Monmouth County Investment Adviser Admits Investment Fraud Scheme, Aggravated Identity Theft, And Preparing Phony Tax Returns
TRENTON, N.J. – A Farmingdale, New Jersey, man today admitted perpetrating a long-running scheme to defraud investment clients out of millions of dollars, forging an attorney’s signature without authorization in connection with that scheme, and preparing false tax returns for his clients, U.S. Attorney Craig Carpenito announced.
Scott Newsholme, 43, pleaded guilty before U.S. District Judge Anne E. Thompson in Trenton federal court to a three-count information charging him with wire fraud, aggravated identity theft, and preparing fraudulent tax returns.
In September 2017, Newsholme was charged by criminal complaint with mail fraud, wire fraud, and securities fraud, and was released on bail. In October 2017, after law enforcement discovered that Newsholme continued his fraudulent scheme while out on bail, he was charged in an amended criminal complaint with mail fraud, wire fraud, securities fraud, and aggravated identity theft. Newsholme’s bail was revoked and he was detained pending trial.
According to documents filed in this case and statements made in court:
Since 2002, Newsholme owned and operated at least three different financial advisory and tax return preparation businesses. Between 2007 and 2017, Newsholme recommended to multiple clients that they invest their money with him, which he would use on their behalf to invest in various securities and other investments, including bond instruments issued by a private New Jersey country club, a bond investment in a video-game production company, and investments in the production of a movie.
Newsholme also represented to clients that he would invest their money in more traditional securities, including mutual funds, annuities, life insurance policies, college education accounts, money market funds, and an escrow account for the purchase of a house. Newsholme directed his investment clients to write checks to him or one of his companies so that he could execute the investments on their behalf.
However, rather than invest the money as he represented, Newsome cashed or deposited the checks and used the funds for personal expenses, including multiple vehicles, bedroom furniture, debits at casinos, bank transfers to Newsholme’s personal bank accounts, and ATM withdrawals.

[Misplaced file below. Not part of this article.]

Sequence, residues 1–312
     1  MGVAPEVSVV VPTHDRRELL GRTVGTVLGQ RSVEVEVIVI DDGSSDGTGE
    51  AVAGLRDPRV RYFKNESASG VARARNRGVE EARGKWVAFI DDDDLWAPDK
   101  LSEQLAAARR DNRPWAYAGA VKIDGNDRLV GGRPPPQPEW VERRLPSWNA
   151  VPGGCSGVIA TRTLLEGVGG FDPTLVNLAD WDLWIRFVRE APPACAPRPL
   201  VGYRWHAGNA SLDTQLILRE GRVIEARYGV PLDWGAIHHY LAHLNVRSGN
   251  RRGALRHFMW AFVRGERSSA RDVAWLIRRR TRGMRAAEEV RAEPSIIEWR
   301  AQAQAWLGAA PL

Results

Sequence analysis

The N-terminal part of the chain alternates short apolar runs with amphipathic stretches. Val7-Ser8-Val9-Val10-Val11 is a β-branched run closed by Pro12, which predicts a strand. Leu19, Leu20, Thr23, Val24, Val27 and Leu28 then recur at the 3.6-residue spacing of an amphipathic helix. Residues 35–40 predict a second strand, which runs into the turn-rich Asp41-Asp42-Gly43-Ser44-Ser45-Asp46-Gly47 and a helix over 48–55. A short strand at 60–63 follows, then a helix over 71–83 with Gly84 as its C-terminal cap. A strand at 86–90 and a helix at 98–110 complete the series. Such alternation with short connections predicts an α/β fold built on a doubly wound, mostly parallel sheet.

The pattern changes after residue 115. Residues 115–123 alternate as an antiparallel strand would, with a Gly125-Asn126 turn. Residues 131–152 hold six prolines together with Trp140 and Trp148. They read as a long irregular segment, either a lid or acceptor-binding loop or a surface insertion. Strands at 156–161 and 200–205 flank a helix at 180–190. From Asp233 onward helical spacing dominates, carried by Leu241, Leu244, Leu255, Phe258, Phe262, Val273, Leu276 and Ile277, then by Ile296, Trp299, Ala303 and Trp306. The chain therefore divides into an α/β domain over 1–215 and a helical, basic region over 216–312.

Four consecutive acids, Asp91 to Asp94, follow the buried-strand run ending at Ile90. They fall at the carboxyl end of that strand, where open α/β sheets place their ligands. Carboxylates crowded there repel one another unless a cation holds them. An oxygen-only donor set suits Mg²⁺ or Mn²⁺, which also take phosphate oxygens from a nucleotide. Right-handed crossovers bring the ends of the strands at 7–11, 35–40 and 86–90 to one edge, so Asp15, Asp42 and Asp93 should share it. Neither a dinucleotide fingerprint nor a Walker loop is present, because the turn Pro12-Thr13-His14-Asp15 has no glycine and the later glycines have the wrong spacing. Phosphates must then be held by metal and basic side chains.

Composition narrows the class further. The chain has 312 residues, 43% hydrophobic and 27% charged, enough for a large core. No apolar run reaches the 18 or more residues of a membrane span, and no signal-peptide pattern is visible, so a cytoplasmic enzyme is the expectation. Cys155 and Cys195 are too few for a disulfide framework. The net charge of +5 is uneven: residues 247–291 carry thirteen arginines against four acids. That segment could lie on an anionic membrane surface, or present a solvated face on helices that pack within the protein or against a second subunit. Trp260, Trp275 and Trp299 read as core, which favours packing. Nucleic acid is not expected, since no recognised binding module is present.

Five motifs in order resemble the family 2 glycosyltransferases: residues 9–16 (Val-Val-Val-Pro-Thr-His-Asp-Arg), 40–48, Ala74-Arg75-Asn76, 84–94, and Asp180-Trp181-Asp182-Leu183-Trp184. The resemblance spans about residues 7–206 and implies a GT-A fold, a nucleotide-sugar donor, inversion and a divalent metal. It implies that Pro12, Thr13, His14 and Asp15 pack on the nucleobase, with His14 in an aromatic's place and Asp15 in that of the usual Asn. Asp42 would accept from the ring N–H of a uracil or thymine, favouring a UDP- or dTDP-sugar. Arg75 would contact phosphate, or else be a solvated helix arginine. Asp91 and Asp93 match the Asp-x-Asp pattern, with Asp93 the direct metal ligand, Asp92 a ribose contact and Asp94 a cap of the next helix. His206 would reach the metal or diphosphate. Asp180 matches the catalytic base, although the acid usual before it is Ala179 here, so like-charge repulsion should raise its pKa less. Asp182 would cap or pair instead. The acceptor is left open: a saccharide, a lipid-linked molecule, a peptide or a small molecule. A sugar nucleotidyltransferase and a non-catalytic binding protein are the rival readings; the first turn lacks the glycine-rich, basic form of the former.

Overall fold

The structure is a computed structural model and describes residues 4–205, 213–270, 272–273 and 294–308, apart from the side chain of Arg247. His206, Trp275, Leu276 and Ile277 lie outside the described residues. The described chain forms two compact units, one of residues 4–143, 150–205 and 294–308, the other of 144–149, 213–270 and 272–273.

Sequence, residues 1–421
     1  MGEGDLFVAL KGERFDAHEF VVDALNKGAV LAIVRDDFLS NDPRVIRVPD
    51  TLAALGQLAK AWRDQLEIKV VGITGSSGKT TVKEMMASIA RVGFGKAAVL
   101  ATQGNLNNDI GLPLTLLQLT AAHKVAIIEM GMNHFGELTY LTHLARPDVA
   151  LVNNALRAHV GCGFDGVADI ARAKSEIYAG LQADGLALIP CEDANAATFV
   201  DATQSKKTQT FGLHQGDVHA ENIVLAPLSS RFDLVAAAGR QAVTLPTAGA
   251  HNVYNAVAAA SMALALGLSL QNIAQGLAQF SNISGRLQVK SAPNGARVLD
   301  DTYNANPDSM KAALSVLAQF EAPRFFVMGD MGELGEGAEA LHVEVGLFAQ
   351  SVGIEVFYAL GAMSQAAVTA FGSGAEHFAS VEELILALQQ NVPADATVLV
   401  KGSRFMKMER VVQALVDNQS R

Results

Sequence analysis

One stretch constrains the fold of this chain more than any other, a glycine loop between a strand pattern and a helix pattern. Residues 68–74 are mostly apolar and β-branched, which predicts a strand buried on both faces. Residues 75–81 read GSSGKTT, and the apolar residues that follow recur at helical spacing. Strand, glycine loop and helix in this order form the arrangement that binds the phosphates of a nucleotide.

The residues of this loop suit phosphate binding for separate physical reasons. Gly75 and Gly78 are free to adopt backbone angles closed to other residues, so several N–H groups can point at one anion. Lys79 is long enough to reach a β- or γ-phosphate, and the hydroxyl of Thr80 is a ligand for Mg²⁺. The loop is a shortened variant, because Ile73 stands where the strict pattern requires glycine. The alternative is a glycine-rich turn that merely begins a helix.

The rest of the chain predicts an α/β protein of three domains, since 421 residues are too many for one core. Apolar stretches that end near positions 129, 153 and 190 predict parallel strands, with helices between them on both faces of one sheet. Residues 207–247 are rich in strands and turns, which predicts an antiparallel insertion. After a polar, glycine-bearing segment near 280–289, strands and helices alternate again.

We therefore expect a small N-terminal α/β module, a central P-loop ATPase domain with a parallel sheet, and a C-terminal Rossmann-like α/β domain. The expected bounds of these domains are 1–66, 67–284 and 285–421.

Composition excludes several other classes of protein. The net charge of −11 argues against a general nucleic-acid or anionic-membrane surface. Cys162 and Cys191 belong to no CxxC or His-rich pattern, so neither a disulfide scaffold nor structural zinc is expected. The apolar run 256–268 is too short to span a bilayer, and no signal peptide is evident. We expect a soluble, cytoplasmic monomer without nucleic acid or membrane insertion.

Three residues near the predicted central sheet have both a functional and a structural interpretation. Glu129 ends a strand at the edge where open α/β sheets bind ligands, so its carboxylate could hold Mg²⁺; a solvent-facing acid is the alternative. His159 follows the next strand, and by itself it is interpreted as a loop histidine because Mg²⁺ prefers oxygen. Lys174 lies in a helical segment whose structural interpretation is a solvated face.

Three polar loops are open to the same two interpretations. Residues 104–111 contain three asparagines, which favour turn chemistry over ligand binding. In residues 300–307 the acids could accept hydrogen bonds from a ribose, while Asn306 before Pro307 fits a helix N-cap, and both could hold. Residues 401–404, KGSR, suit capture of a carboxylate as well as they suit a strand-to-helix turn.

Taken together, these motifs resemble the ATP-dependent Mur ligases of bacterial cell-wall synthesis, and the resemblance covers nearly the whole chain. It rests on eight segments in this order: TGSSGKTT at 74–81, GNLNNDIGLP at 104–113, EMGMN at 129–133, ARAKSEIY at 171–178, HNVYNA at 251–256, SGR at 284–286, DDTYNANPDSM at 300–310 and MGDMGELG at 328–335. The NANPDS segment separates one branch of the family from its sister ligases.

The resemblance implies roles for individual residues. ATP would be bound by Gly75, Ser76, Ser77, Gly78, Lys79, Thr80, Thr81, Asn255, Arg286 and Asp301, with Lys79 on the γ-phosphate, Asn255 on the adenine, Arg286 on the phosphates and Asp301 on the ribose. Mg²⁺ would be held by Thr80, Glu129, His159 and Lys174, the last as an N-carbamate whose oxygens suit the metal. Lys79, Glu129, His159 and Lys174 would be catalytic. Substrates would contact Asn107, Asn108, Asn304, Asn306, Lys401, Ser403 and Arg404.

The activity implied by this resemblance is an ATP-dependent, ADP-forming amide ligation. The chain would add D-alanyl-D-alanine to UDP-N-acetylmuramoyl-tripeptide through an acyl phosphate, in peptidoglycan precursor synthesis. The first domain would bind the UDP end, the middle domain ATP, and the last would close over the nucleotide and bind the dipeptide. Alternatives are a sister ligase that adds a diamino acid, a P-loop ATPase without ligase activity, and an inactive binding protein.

Newsholme concealed his scheme by diverting incoming investment funds to pay other clients who had requested to withdraw funds from their investment portfolios. Newsholme also provided his clients phony account statements, security instruments, and other documentation that falsely represented to the clients the status of their investments.
In October 2017, in furtherance of the scheme, Newsholme provided a letter to one of his investment clients from whom he had misappropriated approximately $62,000. The letter, which Newsholme represented had been prepared by an attorney, stated that the client’s funds were held safely in an escrow account established by the attorney. However, as he admitted today, Newsholme fabricated the letter and forged the attorney’s signature without the attorney’s authorization in order to conceal his misappropriation of the funds.
During the scheme, Newsholme misappropriated more than $3.1 million from his investment clients, resulting in net investment losses of more than $1.8 million.
In addition to the wire fraud and aggravated identity theft charges, Newsholme also admitted preparing fraudulent tax returns on behalf of his clients. The fraudulent returns that Newsholme prepared claimed inflated deductions for unreimbursed employee business expenses, charitable donations, and medical expenses to which his clients were not entitled.
The wire fraud charge to which Newsholme pleaded guilty carries a maximum potential penalty of 20 years in prison and a $250,000 fine. The aggravated identity theft charge to which Newsholme pleaded guilty carries a mandatory sentence of two years in prison, which must run consecutive to the sentences on the other two counts. The false tax return charge carries a maximum potential sentence of three years in prison and a $250,000 fine. Sentencing is scheduled for July 19, 2018.
U.S. Attorney Carpenito credited special agents of the FBI, Newark Division, Red Bank Resident Agency, under the direction of Acting Special Agent in Charge Bradley W. Cohen, and special agents of IRS-Criminal Investigation, under the direction of Special Agent in Charge Jonathan D. Larsen, with the investigation. He also thanked the SEC’s New York Regional Office, under the direction of Director Mark P. Berger, and the N.J. Bureau of Securities, under the direction of Bureau Chief Christopher Gerold, for their assistance.
The government is represented by Assistant U.S. Attorney J. Brendan Day of the U.S. Attorney’s Office’s Criminal Division in Trenton.
Defense Counsel: Lisa Van Hoeck, Esq., Assistant Federal Public Defender